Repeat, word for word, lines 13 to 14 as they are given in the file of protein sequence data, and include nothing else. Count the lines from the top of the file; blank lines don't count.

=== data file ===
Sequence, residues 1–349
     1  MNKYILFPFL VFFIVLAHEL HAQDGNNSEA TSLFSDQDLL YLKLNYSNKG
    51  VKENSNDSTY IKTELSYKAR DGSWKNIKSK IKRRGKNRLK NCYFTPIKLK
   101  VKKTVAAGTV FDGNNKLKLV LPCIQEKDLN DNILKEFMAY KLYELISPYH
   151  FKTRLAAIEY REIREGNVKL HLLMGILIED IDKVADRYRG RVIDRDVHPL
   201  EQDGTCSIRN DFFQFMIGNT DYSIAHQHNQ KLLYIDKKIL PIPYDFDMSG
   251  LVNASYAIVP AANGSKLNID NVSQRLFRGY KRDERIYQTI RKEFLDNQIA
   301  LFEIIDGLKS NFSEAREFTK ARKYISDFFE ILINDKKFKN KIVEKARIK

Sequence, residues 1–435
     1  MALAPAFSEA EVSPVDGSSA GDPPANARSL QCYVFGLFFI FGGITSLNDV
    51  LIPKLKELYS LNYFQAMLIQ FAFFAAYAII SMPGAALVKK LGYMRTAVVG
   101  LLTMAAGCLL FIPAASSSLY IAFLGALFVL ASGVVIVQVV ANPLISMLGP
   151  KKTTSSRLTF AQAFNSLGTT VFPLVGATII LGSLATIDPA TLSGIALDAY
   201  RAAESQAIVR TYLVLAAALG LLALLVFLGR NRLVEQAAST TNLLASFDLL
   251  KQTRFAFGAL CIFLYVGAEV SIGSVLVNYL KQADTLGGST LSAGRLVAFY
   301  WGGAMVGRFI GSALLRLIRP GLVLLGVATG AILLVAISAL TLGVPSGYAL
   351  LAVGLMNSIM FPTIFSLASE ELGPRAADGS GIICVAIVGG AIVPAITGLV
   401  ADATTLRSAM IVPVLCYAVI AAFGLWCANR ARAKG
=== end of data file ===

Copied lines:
   151  KKTTSSRLTF AQAFNSLGTT VFPLVGATII LGSLATIDPA TLSGIALDAY
   201  RAAESQAIVR TYLVLAAALG LLALLVFLGR NRLVEQAAST TNLLASFDLL